Despite drawing from the genius of visionary author Philip K. Dick and the fun of Paul Verhoeven's original Total Recall, director Len Wiseman's remake is both slicked-up and dumbed-down. Working from a script by Kurt Wimmer and Mark Bomback, Total Recall jettisons the most recognizable element of its source material—a trip to Mars—in favor of setting its confused hero in an earthly future dystopia. Wiseman's Total Recall stars Colin Farrell as Douglas Quaid, a bored factory man who procures the services of a company that promises to implant him with memories of an exciting life he hasn't lived—too bad for them that their innocent procedure appears to wake Quaid up to exciting memories of a life that he has lived, and a dangerous one at that. A hot cast, vividly imagined futurescape, and exciting action sequences will appeal to a wide range of moviegoers looking for a punchy late summer blockbuster, but hardcore genre fans will likely be quite disappointed to find a film that trades vision and originality for something best described as bland and inoffensive.
There's a reason why this film is called Total Recall instead of hearkening back to Philip K. Dick's original title, We Can Remember It For You Wholesale, which inspired the 1990 flick. It's really a take on Verhoeven's take of Dick's story, which makes it a spin-off twice-removed. Yet, unlike in both versions that came before, this new Douglas Quaid stays stuck on Earth for his adventures of the mind and otherwise. For those familiar with both the short story and the first film, Wimmer and Bomback's choice to erase Mars completely is bizarre. Dick's story centers on a man driven mad with his desire to visit Mars—his Douglas Quail was an everyman with a boring job and a dismissive wife who longed for a new and special life. While Wimmer and Bomback try their damnedest to add that angst to their Doug Quaid (like in Verhoeven's film, his last name has been changed), the development is both too short and too implausible, making the film turn to commonplace action and thrills to compensate for its lack of emotional intelligence.
The film opens (appropriately enough) with a dream sequence that features Farrell's Quaid on the run from some shady and technologically advanced police types who are desperate to capture both him and his lovely companion, a gutsy and spunky Melina (Jessica Biel). Jarred awake, Quaid finds himself back in his "real world"—safe in bed with lovely wife Lori (Kate Beckinsale), but trapped in a future dystopia so bent on dividing the rich from the poor that there's literally an entire planet between them. The film's meandering first act tries to set Quaid up as an unsatisfied cog in a very modern world, but that's hard to buy both emotionally level (his wife is gorgeous, loving, and smart, and his anger at being passed over for a promotion feels rootless) and technically (Wiseman apparently spent too much time watching J.J. Abrams' Star Trek in preparation—the film's first 20 minutes are saturated with pointless lens flares).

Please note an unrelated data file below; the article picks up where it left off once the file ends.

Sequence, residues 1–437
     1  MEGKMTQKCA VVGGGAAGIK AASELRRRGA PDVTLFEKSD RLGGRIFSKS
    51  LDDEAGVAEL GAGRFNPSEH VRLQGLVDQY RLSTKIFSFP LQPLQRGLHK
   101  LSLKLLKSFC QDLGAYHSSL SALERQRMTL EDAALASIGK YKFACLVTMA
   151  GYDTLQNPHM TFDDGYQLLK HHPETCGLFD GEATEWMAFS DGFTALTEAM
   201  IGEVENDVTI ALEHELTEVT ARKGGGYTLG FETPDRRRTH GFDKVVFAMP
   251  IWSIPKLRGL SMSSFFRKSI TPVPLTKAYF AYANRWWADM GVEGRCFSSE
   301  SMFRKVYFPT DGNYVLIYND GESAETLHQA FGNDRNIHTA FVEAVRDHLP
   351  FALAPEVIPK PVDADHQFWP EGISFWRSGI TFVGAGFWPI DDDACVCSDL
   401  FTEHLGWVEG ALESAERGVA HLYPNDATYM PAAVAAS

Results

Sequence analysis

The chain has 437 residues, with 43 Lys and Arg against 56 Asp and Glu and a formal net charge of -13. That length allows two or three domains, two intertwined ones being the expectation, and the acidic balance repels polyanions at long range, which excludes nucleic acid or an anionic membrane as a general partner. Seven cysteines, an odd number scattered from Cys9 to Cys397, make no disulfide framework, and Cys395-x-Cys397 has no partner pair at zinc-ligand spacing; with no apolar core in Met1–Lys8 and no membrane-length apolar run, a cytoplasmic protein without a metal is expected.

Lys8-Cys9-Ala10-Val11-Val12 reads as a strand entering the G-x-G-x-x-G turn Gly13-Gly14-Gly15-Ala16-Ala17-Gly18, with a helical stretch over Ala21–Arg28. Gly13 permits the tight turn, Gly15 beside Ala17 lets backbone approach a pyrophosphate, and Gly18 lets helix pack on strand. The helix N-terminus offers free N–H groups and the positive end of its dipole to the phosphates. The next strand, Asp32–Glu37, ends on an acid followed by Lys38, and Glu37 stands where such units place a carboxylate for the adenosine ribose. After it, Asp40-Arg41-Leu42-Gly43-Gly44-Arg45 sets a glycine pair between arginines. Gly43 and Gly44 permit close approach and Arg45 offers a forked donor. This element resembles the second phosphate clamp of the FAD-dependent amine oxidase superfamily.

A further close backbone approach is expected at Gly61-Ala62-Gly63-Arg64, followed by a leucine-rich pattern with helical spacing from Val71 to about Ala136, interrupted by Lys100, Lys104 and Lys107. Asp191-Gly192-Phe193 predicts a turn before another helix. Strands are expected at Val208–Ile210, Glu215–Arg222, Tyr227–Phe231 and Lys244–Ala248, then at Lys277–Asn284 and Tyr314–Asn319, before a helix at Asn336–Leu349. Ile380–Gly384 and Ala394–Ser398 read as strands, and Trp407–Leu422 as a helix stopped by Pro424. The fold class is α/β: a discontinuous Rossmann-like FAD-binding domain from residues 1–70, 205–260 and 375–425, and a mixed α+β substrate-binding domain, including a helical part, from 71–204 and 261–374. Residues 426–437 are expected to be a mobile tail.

Things pick up when Quaid finally visits the shady company Rekall to undergo a cerebral implantation procedure that would fill his brain with memories of being a super spy. Of course Quaid's bright idea comes with a hitch—Rekall can't implant memories that are real, so imagine everyone's surprise when they discover that Quaid's dreams of being a spy end up not being dreams at all. Suddenly on the run and wanted by both the big government that rules the United Federation of Britain and the underground resistance that's bent on usurping the UFB's power, Quaid is forced to unravel the dangerous mystery of who he actually is and what he actually remembers.
Yet, while the dichotomy of what Quaid "knows" and what he "remembers" should form a massive, plot-driving conflict, Total Recall never fully commits to exploring those issues. However, what Wiseman does succeed at is creating an inventive and engaging world. His post-apocalyptic vision is clear and consuming, and, lens flares aside, it looks and feels both tangible and possible. Once the audience comes to understand the state of the world in Total Recall, they'll likely barely even miss Mars. Paired with some well-directed and choreographed action sequences, Total Recall works well enough as popcorn entertainment. But it's a diversion that doesn't do its source justice.
The film's performances are perfectly acceptable—Farrell has the potential to turn into a believable action star, and both Beckinsale and Biel eventually grow into their roles, despite some rough patches in the film's first half. Beckinsale, in particular, apes her Underworld performances for too long, before finally allowing Lori to exist as a her own character. Total Recall also features a very talented supporting cast including Bryan Cranston, Bill Nighy, and Bookem Woodbine that are vastly underutilized in their various roles. Cranston's role as Cohaagen is meant to serve as the film's principle villain, but even his talent can't rise above a thinly written baddie role that merely grasps at profundity.
Packed with an attractive cast and lots of big action scenes, the film is totally suitable as a summer blockbuster, but it's also totally forgettable. It will leave the audience's head the moment it steps out of the theater, a classic Philip K. Dick story distilled down to nothing worth pondering—or recalling.
Distributor: Sony Pictures
Cast: Colin Farrell, Kate Beckinsale, Jessica Biel, Bryan Cranston, Bookem Woodbine, Bill Nighy, John Cho
Director: Len Wiseman
Screenwriters: Kurt Wimmer, Mark Bomback, Ronald Shusett, Dan O'Bannon, Jon Povill, Philip K. Dick
Producers: Toby Jaffe, Ric Kidney, Neal H. Moritz
Rating: PG-13 for intense sequences of sci-fi violence and action, some sexual content, brief nudity, and language
Running time: 118 min.
Release date: August 3, 2012
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